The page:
Mean Everything To Nothing Review

artist: manchester orchestra date: 12/08/2009 category: compact discs
manchester orchestra: Mean Everything To Nothing
Released: Apr 21, 2009 (U.S) / Apr 27, 2009 (U.K)
Genre: Indie Rock
Label: Favorite Gentlemen / Canvasback
Number Of Tracks: 12
Mean Everything To Nothing is a marriage between Smashing Pumpkins turgid tirades and the air-brushed cinders of Death Cab For Cutie.
 Sound: 7
 Lyrics: 8.5
 Overall Impression: 7
 Overall rating:
 8.7 
 Reviewer rating:
 7.5 
 Users rating:
 9.8 
 Votes:
 29 
reviews (2) 4 comments vote for this album:
overall: 7
Mean Everything To Nothing Reviewed by: sweetpeasuzie, on april 21, 2009
0 of 3 people found this review helpful

Sound: Somewhere between the crass textures of garage-band rock and post-grunge and the fluid lines of modern synth-pop lies Manchester Orchestra whose second full-length album, Mean Everything To Nothing is a marriage between Smashing Pumpkins' turgid tirades and the air-brushed cinders of Death Cab For Cutie. The band's assets include the coarse timbres of lead vocalist Andy Hull, the sleek melodic clasps of keyboardist Chris Freema and the billowing swells of guitarist Robert McDowell as the band's rhythm section of bassist Jonathan Corley and drummer Jeremiah Edmon brand the melodies with heated stomps. Pride is the apex of the album's post-grunge ruggedness as Hull's vocals rip and tear through the guitar shreds like a wild boar, and then lightens up in the folksy pop atriums of I Can Feel A Hot One. The grizzly coarse textures of Hull's vocals grill into the broiling chord progressions of Shake It Out like a hot poker, and then glides with a velvety touch along the voluminous chorus peaks and gentle troughs of My Friend Marcus with a clicking metronome liken to Elbow moving in the undertow. The ribbons of synth-pop strips and vibrating guitar clips wrapping around the title track climax and flutter lightly creating dynamics in the track's melodic wingspan before segueing into the fibrillating trembles and roving cymbal crashes that tumble in and out of the arcades along The River, and then closing out with the soft folksy acoustics sliding across Jimmy Whispers. // 7

Lyrics: The lyrics can be thoughtful like in Jimmy Whispers as Hull reflects, Fear keeps you hiding at night We're brothers and that's alright or the words can be provocative like in Shake It Out when Hull confesses, A bigger mess that you can't fix. And sometimes the verses express a need to find redemption for one's sins like in The River where Hull cries out, Take me to the river and make me clean again / Oh my God. The lyrics confront scars and the experiences that cause them, and holds the marks in reverence like they are badges of courage. There is no shame in confronting pain or reason to hide the hurt, only acceptance can be found in Hull's words. // 7

Overall Impression: The music is effective in making the listener see through the disguises that people put on to hide from painful experiences. The songs run the gamut from tender croons to scorching rants, sometimes even performed in the same song. It is an album that shows it's heart on the surface. The band makes a valiant effort to be as honest and true to themselves as possible, and it works. Produced by Joe Chiccarelli (The Shins, My Morning Jacket, The Raconteurs) in conjunction with longtime friend and producer Dan Hannon and the band, Mean Everything To Nothing is one of those moments in a band's life that makes them proud whether the album sells or not. // 7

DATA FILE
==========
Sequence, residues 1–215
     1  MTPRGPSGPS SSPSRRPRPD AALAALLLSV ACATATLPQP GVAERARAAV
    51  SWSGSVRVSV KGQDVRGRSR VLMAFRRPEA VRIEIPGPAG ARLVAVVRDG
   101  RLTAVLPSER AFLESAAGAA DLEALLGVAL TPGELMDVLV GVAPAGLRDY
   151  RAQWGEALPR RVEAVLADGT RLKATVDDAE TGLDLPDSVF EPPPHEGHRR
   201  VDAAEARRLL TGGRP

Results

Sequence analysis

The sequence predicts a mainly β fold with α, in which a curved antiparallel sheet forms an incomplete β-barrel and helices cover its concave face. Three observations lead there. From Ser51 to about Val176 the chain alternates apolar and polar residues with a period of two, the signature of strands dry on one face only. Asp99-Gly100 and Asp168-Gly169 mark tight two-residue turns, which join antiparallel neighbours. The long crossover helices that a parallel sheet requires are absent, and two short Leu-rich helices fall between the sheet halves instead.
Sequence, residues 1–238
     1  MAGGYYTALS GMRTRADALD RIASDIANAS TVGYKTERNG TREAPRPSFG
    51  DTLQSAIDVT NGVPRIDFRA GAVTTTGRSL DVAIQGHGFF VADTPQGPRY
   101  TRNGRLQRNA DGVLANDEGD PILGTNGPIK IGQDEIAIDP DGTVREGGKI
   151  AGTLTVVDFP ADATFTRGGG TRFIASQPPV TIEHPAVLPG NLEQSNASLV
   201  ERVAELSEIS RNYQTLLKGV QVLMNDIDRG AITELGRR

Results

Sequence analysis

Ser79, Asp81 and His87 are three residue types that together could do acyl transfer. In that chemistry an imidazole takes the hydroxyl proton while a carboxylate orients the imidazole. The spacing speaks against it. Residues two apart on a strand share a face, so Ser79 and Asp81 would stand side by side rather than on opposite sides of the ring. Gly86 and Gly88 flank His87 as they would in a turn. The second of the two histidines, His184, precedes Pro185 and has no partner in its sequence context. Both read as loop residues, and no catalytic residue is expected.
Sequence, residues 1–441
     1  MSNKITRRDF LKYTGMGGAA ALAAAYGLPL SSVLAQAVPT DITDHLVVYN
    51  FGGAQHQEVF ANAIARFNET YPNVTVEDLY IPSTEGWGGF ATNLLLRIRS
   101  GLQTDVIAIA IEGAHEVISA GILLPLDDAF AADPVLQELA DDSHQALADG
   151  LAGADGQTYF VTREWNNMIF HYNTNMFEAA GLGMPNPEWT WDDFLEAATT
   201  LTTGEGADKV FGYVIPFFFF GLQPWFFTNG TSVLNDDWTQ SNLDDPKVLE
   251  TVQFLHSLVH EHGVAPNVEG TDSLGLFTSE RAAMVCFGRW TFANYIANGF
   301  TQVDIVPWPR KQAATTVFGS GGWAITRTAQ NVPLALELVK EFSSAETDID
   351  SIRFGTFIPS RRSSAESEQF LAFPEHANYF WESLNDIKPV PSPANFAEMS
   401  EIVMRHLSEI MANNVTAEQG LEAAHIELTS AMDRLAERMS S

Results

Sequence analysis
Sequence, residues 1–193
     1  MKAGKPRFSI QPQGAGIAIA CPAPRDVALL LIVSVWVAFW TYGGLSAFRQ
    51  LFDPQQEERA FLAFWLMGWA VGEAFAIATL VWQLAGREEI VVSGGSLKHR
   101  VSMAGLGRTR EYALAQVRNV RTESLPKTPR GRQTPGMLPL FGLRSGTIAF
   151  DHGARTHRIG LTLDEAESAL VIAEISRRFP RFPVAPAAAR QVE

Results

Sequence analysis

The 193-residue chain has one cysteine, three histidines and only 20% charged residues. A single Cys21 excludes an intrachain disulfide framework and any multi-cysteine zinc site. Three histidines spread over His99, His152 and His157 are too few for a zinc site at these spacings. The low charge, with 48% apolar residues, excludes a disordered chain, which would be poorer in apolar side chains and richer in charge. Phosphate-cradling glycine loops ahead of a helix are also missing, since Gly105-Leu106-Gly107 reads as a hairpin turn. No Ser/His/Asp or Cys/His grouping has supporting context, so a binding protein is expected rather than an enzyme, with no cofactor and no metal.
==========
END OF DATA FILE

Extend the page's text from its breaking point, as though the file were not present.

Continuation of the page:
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overall: 8
Mean Everything To Nothing Reviewed by: fret13, on december 08, 2009
0 of 0 people found this review helpful

Sound: I just recently heard some of Manchester Orchestra's work and I was impressed so I decided to buy this CD since it was on sale at my local Best Buy store. I pushed it into my car's radio and listened to the first song and was blown away with the mixture of anger and upbeat music. It was brilliant and catchy and I loved it. The whole album itself however has it's ups and downs and I realized that as soon as the second song. There are a handful of both great and no so great songs on this album. At some points in the CD Andy Hull's aggressive voice just gets annoying and out of place and sometimes he nails it but there are a lot of places on this CD where they just don't fit in. After listening to this CD for a while I decided to download some of their older works and that blew me away even more, so I'm going to take a guess and say that if you were a big fan of Manchester Orchestra before this CD you won't be completely disappointed but it doesn't really compare to their older work by a long shot. I think the high point of the album is the title track "Everything to Nothing" where everything just seems to fit into place perfectly for a good five and a half minutes. Some close seconds are "Only One" "I've Got Friends" and "Tony the Tiger". // 7

Lyrics: The lyrics are angry and sometimes harsh but fit with most of the music perfectly. When you listen to song, you're not listening to some thrown together song lyrics, you are listening to a sad story that has been well written and could probably be published. This is great because it breaks the mold that so many bands fall into about writing a verse then a chorus and not really keeping on one subject. Andy Hull has a lyrical gift and can write stories with it. The lyrics can be compared to those of "Bright Eyes" and "Death Cab For Cutie". // 10

Overall Impression: I think that this album was a good purchase, it has it's high points and it's low points but it can definately pull at your heartstrings and put your repeat option on from time to time. All in all, I'm glad that I bought it, I just wish that they would change a few things about some of the songs. Not a bad CD though. // 7

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